Degree Type


Date of Award


Degree Name

Master of Community and Regional Planning


Community and Regional Planning

First Advisor

Francis Owusu


Land use and land cover change analyses are important tools for planning and development decisions. Tropical deforestation has both local and global implications. One main reason for deforestation is the conversion of forest to agricultural land. This study explores influences and potential causes for agricultural expansion and deforestation within the Toledo District in southern Belize, Central America. Many factors play into the deforestation and degradation of tropical forests in this district, including social, cultural, political and economic issues, all of which need serious consideration if planners and politicians are to combat the problem. Understanding the reasons for deforestation goes hand in hand with knowing where the deforestation is occurring. Knowing where and why will aid in knowing how to focus policies to prevent or control the deforestation. Conversely, looking at historical deforestation trends can aid in discerning what socio-cultural, economic, and/or political influences may have occurred at the time changes in trends occurred. One way to determine where it occurs is through the use of remotely sensed data. Remote sensing provides a viable source of data from which LULC changes can be gathered efficiently and inexpensively in order to track these changes. Using Landsat satellite images from 1994 and 1999 to perform an analysis of the land cover change in the Toledo District, this study expands on a previous study of the same area by Emch, Quinn, Peterson, and Alexander (2005). This study explores the question, "Can an unsupervised classification of the Toledo District, which is less time consuming, requires less intensive data collection, and thus is less costly, produce statistically significant data?" If this can be done using unsupervised classification, it will provide an efficient tool for planners and policy makers to focus efforts to understand where and why deforestation is occurring and thus focus policies to control and/or prevent deforestation, whether that be through the creation of new policies and development plans, implementing policies that have worked in the past, or detecting unforeseen or unwanted outcomes and changing policies to change the course of current trends. This study used the same 1999 Landsat satellite image also used in the Emch, et al. (2005) study, which served as a control for the current study. The 1999 image results from the Emch, et al. study with the results found in the current study. The images used in the current study were analyzed using unsupervised classification, whereas the images used in the Emch, et al. study used supervised classification. It was difficult to discern if an area was "agriculture" or "cleared" or "deforested/regrowth". There are great differences between the 1999 image data results from the current study and those found by Emch, et al. The most drastic difference is seen in the difference between forest data, which differed by 59 percent. While the results of this analysis are determined to be insignificant, the implications relating to the method of performing this analysis will impact future studies.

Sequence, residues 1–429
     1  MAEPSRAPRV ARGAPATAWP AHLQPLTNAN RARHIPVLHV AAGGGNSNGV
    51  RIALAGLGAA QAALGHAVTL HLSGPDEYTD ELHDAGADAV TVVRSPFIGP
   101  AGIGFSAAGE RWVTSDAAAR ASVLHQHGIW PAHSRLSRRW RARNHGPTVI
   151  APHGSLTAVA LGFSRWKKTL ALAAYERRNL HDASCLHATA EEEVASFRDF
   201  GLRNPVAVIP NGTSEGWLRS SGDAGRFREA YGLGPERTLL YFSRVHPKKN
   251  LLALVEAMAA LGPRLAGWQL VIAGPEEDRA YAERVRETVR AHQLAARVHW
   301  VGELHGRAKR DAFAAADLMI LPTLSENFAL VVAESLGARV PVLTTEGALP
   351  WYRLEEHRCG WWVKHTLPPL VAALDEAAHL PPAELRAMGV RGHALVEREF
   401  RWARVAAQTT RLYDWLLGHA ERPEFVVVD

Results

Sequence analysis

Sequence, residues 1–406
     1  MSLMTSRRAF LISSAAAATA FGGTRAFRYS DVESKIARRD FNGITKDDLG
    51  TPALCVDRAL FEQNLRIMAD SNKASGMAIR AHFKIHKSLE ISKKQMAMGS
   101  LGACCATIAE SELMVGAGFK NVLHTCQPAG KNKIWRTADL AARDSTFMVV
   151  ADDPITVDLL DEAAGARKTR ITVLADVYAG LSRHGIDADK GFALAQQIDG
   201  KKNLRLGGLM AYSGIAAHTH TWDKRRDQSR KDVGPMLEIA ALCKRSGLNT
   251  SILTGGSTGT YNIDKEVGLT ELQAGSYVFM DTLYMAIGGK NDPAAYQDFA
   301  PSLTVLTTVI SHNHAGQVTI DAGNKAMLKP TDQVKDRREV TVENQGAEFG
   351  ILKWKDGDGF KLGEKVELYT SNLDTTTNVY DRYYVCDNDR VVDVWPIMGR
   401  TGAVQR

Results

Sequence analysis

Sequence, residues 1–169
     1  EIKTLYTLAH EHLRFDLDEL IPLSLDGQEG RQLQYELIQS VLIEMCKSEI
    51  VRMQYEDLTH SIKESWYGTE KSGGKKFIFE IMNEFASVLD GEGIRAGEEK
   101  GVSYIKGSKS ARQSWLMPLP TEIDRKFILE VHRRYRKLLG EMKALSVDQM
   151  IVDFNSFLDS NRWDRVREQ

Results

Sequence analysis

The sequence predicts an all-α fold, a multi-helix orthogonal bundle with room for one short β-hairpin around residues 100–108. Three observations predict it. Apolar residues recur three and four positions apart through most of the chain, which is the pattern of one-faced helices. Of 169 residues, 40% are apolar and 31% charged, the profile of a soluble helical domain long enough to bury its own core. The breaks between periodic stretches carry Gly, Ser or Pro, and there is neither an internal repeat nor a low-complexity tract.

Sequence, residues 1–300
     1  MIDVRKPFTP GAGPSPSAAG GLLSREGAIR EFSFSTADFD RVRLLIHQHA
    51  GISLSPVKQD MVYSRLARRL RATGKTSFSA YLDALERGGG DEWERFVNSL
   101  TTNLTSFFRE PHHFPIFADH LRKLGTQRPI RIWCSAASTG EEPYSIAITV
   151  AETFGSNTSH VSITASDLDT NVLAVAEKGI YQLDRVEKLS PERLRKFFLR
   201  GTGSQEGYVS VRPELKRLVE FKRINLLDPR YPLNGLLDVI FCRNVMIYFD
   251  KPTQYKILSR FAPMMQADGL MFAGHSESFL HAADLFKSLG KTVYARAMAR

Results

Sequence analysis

Digital Repository @ Iowa State University,

Copyright Owner

Marissa Lenée Moore



Proquest ID


OCLC Number




File Format


File Size

92 pages